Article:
The best start lens are the 18-55 and 55-250 as they are very cheap and decent enough to use for a year or so. Once you start delivering good pictures with these is the time to think about upgrading.

I just looked up the cost of an 18-55 and 55-250 by themselves and I retract my statement. I'd go with what squibby said. It's not much more to buy body only plus those two lenses. A local retailer may even bundle them at a reduced rate for you.

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Re: Suggestions on new Canon DSLR -- thinking 60D
« Reply #34 on: May 20, 2012, 02:54:58 AM »
Trust me forget the plastic EF-S lenses, once you start acquiring fast primes or 'L' glass you'll chuck 'em in a drawer and never use them again.

Some will inevitably disagree, but I found this to be the truth. If I were you, I'd start with the 60D 18-135 or 18-200 kit. These lenses are just OK, but they'll allow you to find out what focal lengths you use the most and be able to make a much more sound decision when looking for upgrades in the future. I stick to fixed aperture lenses, but they are quite a bit more expensive. If and when you start acquiring L glass, your "all in one" kit lens will start to collect more dust. Just like anything else, I've found it's much more cheaper in the long run to get what you want in the first place rather than trying to save a few bucks with a cheaper purchase.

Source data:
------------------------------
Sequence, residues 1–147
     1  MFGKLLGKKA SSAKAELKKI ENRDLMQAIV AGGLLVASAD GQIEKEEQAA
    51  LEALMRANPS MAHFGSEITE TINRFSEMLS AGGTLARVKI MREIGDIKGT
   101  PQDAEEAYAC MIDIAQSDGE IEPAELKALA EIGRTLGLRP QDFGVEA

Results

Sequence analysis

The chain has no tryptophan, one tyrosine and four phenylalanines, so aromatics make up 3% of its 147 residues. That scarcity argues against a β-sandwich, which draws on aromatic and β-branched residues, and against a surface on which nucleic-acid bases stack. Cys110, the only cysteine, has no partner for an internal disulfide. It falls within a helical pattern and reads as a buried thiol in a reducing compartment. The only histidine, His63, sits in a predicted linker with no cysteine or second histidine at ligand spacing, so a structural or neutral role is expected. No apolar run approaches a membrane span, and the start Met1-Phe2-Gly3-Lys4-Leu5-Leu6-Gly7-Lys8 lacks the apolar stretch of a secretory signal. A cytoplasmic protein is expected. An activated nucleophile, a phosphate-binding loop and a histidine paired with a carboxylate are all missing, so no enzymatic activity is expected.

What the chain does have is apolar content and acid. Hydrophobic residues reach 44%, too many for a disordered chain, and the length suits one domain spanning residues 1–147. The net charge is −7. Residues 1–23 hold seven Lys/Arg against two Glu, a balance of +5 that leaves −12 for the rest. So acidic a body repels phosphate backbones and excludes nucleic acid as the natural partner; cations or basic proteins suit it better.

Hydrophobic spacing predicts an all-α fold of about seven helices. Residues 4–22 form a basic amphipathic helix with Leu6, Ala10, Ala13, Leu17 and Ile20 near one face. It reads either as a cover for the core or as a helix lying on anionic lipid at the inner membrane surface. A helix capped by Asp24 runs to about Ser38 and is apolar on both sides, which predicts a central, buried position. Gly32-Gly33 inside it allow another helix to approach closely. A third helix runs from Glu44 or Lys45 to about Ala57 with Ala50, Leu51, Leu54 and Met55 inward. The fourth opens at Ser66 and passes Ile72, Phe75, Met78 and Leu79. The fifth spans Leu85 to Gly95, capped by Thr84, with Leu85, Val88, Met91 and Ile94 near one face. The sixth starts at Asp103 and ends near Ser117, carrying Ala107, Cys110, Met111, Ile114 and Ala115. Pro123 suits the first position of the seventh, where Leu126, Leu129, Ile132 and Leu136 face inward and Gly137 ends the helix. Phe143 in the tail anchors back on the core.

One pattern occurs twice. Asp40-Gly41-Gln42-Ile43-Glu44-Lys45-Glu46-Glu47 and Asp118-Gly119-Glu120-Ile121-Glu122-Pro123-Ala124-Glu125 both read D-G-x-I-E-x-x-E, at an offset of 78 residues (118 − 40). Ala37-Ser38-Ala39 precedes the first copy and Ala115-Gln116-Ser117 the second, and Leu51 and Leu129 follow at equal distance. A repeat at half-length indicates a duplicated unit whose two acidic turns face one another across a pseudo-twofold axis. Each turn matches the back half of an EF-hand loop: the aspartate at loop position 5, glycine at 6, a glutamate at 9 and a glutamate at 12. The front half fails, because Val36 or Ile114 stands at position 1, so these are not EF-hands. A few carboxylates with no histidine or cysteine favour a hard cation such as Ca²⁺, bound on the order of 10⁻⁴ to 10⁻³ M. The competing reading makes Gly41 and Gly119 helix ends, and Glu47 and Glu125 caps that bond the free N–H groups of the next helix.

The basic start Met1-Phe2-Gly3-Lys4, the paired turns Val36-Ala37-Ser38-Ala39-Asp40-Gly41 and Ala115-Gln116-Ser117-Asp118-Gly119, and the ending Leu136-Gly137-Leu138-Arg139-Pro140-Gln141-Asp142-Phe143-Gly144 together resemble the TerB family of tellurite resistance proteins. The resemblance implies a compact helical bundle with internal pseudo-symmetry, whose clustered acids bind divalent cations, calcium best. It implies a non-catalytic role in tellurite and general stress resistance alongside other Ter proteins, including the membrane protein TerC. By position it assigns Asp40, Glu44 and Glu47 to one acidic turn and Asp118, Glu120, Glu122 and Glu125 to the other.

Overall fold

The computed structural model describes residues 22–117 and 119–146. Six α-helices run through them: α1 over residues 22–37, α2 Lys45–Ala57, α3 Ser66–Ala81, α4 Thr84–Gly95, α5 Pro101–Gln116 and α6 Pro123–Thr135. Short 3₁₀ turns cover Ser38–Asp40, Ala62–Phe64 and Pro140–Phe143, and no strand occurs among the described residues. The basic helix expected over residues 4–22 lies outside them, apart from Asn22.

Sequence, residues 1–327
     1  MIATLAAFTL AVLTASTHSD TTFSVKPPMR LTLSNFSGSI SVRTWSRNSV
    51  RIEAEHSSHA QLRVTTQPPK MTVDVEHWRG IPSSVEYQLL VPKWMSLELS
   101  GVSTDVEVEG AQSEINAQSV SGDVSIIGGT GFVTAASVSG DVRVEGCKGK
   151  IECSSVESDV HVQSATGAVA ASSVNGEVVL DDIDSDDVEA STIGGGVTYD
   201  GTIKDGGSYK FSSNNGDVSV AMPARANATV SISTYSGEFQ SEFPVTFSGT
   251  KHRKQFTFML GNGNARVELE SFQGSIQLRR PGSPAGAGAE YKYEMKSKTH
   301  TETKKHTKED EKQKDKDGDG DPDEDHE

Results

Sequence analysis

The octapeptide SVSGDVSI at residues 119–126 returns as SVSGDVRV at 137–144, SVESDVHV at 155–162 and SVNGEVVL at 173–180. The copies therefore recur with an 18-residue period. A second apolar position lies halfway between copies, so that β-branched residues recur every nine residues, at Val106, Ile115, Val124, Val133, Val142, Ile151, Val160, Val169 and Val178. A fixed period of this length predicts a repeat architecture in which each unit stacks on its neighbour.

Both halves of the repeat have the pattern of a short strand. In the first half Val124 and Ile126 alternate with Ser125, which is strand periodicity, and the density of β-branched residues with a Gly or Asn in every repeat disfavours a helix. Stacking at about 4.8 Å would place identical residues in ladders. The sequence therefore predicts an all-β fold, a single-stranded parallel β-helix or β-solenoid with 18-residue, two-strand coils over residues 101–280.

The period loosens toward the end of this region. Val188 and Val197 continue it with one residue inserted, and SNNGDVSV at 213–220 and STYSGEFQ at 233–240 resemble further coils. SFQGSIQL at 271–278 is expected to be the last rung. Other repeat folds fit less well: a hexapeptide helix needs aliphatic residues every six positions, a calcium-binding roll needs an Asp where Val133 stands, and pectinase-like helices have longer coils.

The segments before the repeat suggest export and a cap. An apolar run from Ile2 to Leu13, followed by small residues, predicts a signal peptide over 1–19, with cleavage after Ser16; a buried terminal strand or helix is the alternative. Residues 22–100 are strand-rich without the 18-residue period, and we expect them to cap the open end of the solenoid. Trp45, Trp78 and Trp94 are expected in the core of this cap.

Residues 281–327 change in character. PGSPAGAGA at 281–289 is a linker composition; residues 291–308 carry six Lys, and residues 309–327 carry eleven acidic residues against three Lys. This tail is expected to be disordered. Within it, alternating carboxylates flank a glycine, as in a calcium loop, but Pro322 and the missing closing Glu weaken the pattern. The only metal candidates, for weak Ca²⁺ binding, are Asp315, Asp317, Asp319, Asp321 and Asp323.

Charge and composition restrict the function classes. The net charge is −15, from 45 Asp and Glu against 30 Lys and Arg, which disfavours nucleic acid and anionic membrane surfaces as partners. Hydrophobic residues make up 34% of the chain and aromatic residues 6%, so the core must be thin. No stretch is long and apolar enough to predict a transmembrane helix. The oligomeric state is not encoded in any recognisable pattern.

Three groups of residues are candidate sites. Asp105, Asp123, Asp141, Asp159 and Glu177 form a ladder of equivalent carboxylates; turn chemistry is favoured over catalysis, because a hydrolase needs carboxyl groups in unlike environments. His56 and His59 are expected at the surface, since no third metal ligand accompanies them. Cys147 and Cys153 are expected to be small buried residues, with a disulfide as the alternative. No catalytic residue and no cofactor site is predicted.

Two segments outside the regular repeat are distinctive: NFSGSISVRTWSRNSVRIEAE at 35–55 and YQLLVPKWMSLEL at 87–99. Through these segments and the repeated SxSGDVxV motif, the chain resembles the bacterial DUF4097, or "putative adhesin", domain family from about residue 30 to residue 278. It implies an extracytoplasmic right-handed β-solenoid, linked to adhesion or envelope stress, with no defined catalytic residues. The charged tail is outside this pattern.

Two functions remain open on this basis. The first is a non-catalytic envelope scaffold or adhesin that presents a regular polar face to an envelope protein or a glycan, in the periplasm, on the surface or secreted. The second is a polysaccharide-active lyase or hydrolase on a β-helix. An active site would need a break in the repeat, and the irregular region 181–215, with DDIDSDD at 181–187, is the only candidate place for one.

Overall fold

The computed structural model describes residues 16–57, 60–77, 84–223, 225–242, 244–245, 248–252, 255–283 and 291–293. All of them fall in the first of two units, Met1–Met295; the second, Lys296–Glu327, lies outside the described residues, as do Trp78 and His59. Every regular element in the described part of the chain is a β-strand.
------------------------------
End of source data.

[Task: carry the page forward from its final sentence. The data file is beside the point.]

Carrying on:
The best start lens are the 18-55 and 55-250 as they are very cheap and decent enough to use for a year or so. Once you start delivering good pictures with these is the time to think about upgrading.

I really have to disagree here - I got the 450D with the 18-55mm kit lens and IQ was abysmal. I know that this lens has been upgraded, but it seems to me like cheap lenses just don't do it. Why get a DSLR and then put a super cheap piece of glass in front of it? I'd rather suggest to go with the Tamron 17-50 non-IS or - even better - with the EF-S 17-55mm. I only used the kit lens for about 2 months and never touched it since - so, overall it was quite a waste of money (not a lot of money, but still a waste).